“We want to be a market leader so we are also exploring how we can be more competitive,” she says. “What other green drop-in solutions are there? I am focusing now on talking to biofuel suppliers through our trading desk to get samples and test. Different feedstocks have different emissions so it’s a way of seeing which provides better value to our customers.”

Added to that, Xin-Fang also works on the commercial side of the development of other future fuels, such as low-carbon methanol as a marine fuel and contributes to the Strategy Department’s work.



With this great push for shipping’s decarbonization and the consequent work that is required by the industry to achieve various milestones, Xin-Fang is also gently nudging her industry peers to be mindful of their wellbeing and the need to achieve some sort of balance in their lives.

“(As with life), the alternative fuels business is a project that will be a decade or more in the making as the industry develops, learns and establishes an entirely new way of powering vessels. I realized I didn’t always have to sprint; that this race is a marathon.”

She speaks from personal experience. Coinciding with this hard work, Xin-Fang experienced unprecedented personal challenges in her private life and the combined adversity on the two fronts had made her feel at one point, constantly vulnerable to physical tiredness, colds and flus that negatively impacted her health.

Thankfully, with the support of her mentors, family and friends, she found new sporting activities that have helped to improve her outlook and health. “I began doing yoga and other wellness activities to slow my mind down and to regain a sense of balance. In this way, I feel strong again to take on life’s challenges that come in one’s way.”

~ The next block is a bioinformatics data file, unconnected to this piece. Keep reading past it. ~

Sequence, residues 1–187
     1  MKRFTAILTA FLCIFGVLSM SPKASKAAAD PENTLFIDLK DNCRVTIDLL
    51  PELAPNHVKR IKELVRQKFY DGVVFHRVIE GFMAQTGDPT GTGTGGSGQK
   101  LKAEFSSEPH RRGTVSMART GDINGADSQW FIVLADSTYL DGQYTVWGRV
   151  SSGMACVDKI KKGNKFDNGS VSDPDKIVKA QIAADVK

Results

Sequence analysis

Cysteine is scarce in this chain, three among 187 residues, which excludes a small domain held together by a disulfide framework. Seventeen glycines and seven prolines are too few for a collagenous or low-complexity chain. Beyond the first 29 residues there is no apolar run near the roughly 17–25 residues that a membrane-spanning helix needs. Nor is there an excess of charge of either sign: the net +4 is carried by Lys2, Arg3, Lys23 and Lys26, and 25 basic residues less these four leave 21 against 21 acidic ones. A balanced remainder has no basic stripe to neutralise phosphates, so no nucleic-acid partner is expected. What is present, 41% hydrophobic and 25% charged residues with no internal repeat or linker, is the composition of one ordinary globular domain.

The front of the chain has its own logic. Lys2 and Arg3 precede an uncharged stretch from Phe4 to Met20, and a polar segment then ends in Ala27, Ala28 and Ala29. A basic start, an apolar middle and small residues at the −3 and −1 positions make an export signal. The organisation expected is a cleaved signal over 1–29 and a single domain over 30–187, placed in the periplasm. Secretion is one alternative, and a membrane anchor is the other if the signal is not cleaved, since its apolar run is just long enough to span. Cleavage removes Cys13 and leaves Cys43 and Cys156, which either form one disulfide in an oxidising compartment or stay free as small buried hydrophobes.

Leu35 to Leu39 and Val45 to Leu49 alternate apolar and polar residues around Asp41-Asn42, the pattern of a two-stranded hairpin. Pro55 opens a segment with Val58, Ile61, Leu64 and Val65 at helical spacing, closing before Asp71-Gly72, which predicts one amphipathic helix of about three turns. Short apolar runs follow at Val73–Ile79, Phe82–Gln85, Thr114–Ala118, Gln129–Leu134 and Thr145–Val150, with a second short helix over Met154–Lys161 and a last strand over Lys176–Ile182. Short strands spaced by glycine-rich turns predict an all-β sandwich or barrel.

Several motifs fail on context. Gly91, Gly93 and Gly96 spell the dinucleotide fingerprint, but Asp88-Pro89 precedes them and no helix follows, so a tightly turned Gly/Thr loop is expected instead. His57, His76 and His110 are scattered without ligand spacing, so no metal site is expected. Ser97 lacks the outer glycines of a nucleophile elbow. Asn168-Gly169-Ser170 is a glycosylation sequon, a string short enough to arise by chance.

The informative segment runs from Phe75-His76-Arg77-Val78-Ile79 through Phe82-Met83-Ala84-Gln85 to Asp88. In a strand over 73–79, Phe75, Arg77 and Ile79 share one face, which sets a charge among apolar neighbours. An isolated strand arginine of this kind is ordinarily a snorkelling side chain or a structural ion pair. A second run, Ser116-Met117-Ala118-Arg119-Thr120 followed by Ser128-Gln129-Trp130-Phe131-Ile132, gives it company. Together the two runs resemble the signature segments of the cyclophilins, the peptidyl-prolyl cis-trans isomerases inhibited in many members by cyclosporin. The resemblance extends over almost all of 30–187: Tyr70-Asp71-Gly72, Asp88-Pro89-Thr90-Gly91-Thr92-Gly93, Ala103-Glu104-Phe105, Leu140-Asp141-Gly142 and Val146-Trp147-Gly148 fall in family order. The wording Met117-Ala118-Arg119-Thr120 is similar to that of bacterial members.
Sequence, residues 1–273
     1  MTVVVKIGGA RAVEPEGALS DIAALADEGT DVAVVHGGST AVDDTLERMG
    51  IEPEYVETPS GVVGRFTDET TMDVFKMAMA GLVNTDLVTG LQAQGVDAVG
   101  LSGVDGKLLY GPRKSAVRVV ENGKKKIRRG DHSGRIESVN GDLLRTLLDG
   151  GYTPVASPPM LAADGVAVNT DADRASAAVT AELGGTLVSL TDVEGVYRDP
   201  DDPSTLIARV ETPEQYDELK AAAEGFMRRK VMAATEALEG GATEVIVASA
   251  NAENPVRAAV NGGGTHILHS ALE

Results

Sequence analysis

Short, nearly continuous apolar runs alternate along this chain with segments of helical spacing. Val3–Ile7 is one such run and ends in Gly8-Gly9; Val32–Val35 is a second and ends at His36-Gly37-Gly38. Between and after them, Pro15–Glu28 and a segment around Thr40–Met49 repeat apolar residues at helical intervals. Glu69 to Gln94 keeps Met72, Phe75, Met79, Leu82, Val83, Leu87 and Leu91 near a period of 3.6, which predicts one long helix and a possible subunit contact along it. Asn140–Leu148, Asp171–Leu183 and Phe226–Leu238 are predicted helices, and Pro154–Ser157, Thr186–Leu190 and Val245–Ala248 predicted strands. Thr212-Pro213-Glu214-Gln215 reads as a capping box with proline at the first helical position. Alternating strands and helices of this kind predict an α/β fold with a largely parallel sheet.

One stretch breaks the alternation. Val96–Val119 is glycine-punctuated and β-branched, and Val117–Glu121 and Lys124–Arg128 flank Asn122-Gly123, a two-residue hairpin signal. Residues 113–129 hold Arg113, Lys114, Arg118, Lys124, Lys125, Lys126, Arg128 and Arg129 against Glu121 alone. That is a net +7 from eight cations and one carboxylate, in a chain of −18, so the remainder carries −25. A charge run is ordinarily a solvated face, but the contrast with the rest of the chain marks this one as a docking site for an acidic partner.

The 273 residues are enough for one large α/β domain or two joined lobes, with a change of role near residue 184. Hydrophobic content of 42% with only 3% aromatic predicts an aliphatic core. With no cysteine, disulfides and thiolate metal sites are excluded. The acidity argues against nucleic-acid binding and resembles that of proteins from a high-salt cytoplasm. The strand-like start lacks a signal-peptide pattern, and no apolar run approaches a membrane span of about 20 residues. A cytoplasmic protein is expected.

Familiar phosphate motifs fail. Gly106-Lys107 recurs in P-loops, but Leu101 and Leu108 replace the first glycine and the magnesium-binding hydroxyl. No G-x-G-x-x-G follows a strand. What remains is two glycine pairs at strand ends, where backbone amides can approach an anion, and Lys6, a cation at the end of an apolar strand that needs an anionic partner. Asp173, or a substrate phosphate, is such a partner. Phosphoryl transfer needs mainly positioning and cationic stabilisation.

Xin-Fang and her team at SIBCON 2022

Xin-Fang and her team at SIBCON 2022

As for being a woman in the shipping industry, Xin-Fang says she has felt a positive boost from the increasing focus on diversity that inspires young, up and coming professionals such as her.

“I had several mentors who often encouraged and reminded me to be confident regardless of my age and gender. In turn, I become a role model to other women who come to me for advice. Being a female peer, as a trader – there are not many on the (trading) floor – gives me a level of influence as well as confidence.”


And despite her newfound enthusiasm for yoga, Xin-Fang is just as determined to excel at her job as ever.

Recounting her former days, fresh out of school and working in the bank, she noted: “On my first day, just when I thought I was doing really well, at about nine in the night, I received a list of negative feedback! It was then that I realized there might have been a gap between my expectations and the corporate world’s expectations. So, I shifted the expectations I had for myself much higher, and I think – if under normal circumstances people get up to speed in 6 months, I want to do it in 6 days!”

Besides which, she says, her favourite mantra is: “No pressure, no diamonds. No struggle, no strength.”